Forgiveness can be a tricky concept to understand. Most of us are taught “to forgive is to forget.” That when we no longer think about an upsetting event and forget the wrongs we’ve encountered, we have forgiven. But is that really true? In this blog post, we will explore what forgiveness is, what it isn’t, how it can help us, and how we can tell if we have truly forgiven someone or something. We’ll also look at how forgiveness can help you move forward and live your life free of the past.
What Is Forgiveness
According to the Oxford Dictionary to forgive means ‘to stop feeling angry with someone who has done something to harm, annoy, or upset you; to stop feeling angry with yourself.’
At its core, forgiveness is a decision to release feelings of resentment or vengeance toward someone or a group who has wronged you or harmed you – whether intentionally or unintentionally – and release any feelings of bitterness, hurt, or anger you may have toward them. When you truly forgive, you are no longer tied down by the bad memories or negative emotions associated with the painful experience. Instead, you feel calm, peace and joy within your heart.
What Forgiveness Isn’t
When you start to think about forgiving someone who has hurt you, it can seem like an impossible task.
It’s natural to feel as though forgiveness requires some type of mutual understanding or agreement between you and the person who wronged you, but that isn’t actually what forgiveness is.
In fact, forgiveness isn’t even really about that person at all – it’s more about the journey you take to find closure and peace within yourself. Forgiveness isn’t a simple admission of guilt or an acknowledgement that a wrong was committed; nor does it have to involve any interaction with the other party if you’d rather not go down that route.
It isn’t about excusing someone for their actions or condoning the offenses they committed against you. You don’t have to take a perpetrator back into your life just because you forgive them, and forgiveness doesn’t mean that they won’t face any legal repercussions if applicable.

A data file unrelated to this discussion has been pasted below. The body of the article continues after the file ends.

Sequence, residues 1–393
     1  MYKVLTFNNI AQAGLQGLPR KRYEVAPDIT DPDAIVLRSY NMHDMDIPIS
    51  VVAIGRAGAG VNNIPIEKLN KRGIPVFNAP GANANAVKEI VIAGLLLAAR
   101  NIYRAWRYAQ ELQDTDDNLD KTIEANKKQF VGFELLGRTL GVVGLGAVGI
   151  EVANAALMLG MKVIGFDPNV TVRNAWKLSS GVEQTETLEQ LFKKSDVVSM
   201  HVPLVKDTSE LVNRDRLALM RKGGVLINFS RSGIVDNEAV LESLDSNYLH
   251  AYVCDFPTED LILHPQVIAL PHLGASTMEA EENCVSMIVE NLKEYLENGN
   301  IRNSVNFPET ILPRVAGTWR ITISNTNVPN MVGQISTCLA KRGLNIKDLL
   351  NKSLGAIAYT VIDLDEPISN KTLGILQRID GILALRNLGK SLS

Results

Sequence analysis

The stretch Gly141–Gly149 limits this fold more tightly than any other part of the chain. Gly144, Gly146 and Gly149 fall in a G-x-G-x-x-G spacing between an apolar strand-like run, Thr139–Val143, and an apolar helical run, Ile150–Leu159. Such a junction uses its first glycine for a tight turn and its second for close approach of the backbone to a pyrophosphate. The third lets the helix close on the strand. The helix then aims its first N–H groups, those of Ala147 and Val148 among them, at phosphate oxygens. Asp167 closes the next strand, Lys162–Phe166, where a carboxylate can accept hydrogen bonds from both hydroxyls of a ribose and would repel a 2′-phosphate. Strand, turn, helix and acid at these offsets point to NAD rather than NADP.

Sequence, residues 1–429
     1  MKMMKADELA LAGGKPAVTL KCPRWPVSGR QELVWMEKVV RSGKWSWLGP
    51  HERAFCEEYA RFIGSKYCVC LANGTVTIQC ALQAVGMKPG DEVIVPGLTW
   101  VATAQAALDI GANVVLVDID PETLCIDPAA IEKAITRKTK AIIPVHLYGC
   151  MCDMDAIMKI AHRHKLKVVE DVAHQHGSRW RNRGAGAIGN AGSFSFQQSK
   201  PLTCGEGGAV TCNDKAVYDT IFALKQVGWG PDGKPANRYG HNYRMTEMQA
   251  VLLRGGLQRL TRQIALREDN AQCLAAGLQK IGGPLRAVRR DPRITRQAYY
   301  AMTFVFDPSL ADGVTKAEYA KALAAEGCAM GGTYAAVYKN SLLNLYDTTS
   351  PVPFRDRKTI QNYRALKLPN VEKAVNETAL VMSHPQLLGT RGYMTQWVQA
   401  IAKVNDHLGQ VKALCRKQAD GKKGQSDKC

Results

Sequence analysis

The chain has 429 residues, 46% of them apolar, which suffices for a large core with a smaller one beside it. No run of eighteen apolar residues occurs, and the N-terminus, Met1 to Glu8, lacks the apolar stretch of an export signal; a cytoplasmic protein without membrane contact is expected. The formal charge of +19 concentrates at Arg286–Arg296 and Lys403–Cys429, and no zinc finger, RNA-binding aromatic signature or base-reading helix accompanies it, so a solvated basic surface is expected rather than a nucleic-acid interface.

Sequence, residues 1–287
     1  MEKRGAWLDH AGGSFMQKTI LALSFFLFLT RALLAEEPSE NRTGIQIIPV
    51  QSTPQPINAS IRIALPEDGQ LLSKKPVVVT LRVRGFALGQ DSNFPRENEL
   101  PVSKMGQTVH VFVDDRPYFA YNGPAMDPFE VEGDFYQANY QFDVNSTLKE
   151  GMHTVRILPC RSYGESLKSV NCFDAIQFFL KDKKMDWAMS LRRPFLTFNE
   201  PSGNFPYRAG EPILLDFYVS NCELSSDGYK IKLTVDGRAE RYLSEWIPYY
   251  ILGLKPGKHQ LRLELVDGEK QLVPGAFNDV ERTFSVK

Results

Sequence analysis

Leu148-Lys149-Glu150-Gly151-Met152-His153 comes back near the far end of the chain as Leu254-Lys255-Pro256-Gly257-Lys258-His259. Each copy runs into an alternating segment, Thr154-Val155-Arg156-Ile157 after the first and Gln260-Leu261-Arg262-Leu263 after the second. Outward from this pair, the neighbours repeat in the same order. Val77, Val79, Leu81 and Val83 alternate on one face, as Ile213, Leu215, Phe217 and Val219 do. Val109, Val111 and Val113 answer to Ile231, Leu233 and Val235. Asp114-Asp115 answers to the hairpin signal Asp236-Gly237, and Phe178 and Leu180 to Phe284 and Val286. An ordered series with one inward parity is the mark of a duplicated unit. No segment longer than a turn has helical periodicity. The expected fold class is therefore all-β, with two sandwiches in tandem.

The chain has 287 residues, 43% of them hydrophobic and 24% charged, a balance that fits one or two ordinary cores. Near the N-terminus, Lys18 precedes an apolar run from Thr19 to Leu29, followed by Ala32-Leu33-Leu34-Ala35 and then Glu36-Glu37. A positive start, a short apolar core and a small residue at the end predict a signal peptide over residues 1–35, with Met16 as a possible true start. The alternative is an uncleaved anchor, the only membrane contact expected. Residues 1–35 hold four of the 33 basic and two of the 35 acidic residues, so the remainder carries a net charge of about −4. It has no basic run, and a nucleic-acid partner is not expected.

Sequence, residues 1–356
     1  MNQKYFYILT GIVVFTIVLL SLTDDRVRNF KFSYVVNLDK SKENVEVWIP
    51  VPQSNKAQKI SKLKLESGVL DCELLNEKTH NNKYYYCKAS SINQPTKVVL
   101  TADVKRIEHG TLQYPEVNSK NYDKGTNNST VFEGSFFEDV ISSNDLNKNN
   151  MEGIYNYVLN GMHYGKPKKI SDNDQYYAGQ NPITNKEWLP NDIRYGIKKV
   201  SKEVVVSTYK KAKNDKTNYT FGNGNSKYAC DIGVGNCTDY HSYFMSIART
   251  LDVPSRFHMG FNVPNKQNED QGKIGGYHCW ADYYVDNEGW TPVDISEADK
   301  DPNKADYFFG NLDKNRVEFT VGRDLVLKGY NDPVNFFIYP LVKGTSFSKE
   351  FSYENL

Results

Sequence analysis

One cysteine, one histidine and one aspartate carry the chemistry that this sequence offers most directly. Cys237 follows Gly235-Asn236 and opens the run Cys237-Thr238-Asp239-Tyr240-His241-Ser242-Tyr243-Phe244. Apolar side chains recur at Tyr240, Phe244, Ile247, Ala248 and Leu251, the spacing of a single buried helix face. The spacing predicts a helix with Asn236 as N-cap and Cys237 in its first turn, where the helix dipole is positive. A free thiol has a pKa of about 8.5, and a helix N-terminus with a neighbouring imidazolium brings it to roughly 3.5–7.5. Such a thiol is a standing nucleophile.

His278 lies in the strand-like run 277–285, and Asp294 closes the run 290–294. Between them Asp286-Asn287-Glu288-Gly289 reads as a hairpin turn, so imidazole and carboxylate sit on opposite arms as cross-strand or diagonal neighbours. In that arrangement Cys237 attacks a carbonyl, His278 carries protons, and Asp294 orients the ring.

Forgiveness is not about denying that something happened or pretending that it didn’t matter. It’s about freeing yourself from the toxic grip of the negative emotions the event left behind and allowing yourself to heal.
It’s an essential step in being able to move forward from a difficult experience and no longer have this experience influence how you think, feel and act or who you want to become in the future.
How Can Forgiveness Help Me
Forgiving yourself or others can help you heal mentally and emotionally by restoring inner peace and reducing stress levels caused by negative emotions like guilt, shame, anger, fear, anxiety, etc., that often arise after experiencing harm or trauma.
Being able to forgive gives you freedom from your past and helps you reclaim your own power so you can move forward with your life in more meaningful ways because when you release yourself from the burden of resentment, anger, and hurt, you are able to put the past behind you.
Emotionally and psychologically unencumbered, you can now open up space in your heart for joy, peace, love, acceptance and understanding – all of which are essential elements of true happiness and well-being!
How Do I Know I’ve Forgiven
Most of my clients have answered this question by saying, “When I no longer think of the event/person and the hurt it/they caused me.” It’s a valid answer. However, that’s just part of the story when it comes to being forgiven. Truly forgiving is having no distressing thoughts nor negative feelings toward the event or person so that when you do happen to think about it again your emotions stay at a peaceful and calm level. That is when you have truly forgiven and let go – when even the thought of what happened does not cajole any negative feelings in you.